#20 POSTER ISSUE
Each graphic designer and artist designed a poster that expresses personal social agenda. This project reviews the social function of posters. This issue of GRAPHIC consists of 22 folded posters and designers' short commentaries.
Mass-produced and posted in public places, posters communicate with the public. Traditionally, they have represented a powerful means of expressing certain values or opinions, but the posters of today are relatively restricted in function, serving for the most part to advertise products, promote sales and publicize events. We are hard pressed to find any kind of social statement in the posters that cover our roadside bulletin boards, buildings, billboards and road signs. In reaction to this, our aim here is to recall the social purpose of the poster.
GRAPHIC asked 22 graphic designers and artists to develop poster designs to express their own social “agenda.” The posters you see in this issue are the fruits of this voluntary collaboration, containing a diverse array of ideas ranging from positions on particular social issues to the mottos that inform the designers’ work. While differing a bit in their focus, all of them share one common quality, namely a message that powerfully captures not an economic interest, but the values that they wish to share with the public.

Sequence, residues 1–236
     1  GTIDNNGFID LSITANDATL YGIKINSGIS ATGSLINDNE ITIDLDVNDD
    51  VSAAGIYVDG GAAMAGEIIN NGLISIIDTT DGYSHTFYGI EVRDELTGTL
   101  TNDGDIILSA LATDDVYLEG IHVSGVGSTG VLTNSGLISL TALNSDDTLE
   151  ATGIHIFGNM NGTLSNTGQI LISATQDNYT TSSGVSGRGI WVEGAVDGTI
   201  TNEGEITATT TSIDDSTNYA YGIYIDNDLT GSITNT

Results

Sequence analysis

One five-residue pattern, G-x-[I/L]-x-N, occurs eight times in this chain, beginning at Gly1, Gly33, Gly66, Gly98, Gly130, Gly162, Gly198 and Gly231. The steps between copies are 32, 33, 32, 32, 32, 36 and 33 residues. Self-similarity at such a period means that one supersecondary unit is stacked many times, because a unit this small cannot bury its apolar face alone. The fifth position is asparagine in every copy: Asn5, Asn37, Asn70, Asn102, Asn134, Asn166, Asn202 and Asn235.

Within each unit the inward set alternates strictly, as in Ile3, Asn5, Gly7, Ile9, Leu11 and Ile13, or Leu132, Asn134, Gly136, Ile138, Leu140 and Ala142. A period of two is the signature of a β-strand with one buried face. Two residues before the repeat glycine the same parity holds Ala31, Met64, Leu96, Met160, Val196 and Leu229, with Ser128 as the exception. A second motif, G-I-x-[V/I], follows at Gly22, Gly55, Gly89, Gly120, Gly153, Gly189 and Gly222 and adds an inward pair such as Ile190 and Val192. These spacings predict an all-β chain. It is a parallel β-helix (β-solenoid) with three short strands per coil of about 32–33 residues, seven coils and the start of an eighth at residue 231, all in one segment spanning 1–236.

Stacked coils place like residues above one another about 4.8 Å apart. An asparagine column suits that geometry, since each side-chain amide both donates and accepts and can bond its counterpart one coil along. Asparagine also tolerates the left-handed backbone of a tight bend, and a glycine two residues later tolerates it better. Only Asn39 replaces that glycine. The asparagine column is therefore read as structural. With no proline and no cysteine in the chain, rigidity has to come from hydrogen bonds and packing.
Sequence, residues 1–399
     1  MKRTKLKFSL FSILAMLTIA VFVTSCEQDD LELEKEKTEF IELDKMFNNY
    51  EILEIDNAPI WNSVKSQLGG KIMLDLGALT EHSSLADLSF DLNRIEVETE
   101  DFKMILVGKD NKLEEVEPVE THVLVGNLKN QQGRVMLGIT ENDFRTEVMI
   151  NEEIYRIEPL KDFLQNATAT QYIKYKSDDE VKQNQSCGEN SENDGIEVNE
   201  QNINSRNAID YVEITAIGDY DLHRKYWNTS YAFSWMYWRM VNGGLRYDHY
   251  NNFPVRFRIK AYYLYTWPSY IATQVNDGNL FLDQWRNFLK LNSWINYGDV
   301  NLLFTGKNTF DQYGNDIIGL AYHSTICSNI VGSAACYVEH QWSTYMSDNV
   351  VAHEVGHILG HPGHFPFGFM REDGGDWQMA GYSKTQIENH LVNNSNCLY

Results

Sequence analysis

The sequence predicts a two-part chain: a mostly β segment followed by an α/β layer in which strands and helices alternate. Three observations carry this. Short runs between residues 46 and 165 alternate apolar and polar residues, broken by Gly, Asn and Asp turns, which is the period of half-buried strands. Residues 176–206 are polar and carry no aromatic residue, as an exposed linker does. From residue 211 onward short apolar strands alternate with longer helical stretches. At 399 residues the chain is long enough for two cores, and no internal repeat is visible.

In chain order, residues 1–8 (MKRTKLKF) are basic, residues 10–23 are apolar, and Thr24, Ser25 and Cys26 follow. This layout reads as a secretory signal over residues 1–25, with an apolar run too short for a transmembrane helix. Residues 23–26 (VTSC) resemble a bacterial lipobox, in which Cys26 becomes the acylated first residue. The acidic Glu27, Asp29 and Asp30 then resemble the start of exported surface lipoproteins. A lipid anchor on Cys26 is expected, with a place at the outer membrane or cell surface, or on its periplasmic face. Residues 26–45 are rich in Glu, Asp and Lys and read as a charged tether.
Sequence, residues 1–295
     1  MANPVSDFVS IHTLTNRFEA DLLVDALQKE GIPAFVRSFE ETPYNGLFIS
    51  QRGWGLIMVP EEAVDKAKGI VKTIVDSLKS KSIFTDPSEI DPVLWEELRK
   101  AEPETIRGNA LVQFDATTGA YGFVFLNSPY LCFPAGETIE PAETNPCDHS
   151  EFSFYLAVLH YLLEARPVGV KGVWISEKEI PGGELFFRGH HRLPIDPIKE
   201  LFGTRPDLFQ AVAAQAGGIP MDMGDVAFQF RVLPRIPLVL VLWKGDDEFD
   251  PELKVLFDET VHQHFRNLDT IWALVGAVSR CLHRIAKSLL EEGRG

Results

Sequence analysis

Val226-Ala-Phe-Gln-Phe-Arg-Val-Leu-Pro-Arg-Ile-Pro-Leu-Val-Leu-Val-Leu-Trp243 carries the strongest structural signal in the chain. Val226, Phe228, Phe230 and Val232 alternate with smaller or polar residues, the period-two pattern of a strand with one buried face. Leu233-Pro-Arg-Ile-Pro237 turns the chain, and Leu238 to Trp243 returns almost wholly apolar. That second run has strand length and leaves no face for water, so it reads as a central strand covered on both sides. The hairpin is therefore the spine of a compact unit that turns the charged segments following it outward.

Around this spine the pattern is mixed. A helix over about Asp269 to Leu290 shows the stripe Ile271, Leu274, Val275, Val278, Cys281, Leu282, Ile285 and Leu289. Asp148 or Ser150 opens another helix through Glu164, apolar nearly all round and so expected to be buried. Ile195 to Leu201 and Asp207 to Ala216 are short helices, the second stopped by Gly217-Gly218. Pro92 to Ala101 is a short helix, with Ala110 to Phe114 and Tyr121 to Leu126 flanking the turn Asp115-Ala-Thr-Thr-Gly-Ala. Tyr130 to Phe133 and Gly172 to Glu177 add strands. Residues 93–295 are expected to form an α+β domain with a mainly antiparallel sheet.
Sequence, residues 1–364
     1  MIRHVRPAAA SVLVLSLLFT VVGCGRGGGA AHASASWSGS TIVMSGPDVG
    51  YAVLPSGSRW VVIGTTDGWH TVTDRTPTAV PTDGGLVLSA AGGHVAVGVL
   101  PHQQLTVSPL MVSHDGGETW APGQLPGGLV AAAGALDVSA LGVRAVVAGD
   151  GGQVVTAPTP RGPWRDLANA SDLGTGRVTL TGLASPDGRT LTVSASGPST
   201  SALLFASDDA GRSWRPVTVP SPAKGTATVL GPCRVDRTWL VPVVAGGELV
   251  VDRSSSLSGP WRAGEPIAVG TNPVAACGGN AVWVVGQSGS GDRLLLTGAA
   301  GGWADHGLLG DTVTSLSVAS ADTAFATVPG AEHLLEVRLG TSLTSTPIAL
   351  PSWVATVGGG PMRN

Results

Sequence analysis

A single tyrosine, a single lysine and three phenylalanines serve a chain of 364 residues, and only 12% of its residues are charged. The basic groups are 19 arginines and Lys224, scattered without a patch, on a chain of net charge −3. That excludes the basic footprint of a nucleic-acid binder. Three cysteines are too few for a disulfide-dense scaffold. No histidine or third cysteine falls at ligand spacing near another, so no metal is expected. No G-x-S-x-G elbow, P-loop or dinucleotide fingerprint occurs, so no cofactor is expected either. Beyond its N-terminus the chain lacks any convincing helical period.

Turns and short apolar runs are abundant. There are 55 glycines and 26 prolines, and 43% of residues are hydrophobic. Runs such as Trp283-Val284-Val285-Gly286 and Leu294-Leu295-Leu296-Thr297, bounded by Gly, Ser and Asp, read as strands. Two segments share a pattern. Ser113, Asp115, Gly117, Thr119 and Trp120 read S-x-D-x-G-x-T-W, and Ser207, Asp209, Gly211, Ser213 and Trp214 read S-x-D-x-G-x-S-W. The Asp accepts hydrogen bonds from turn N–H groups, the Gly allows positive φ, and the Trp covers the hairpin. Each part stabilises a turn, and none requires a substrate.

We have printed about one hundred thousand copies of these posters in total. In addition to appearing on the pages of this issue, they are to be put up in exhibition venues, on roadside walls, and on the windows of shops and bookstores. We hope all of you reading will hang a poster you like in your own workspace. Offer them as gifts to friends. It is this kind of physical action that most clearly shows the social function of the poster.
The year 2011 was an eventful one for the world, including Korea, the Middle East, Europe, the United States and Japan. Posters are something we need more of.
Bart de Baets & Sandra Kassenaar
Bureau Mirko Borsche
Jin Dallae & Park Woohyuk
Richard Niessen & Esther de Vries
Sulki & Min
Poster Issue Exhibition blog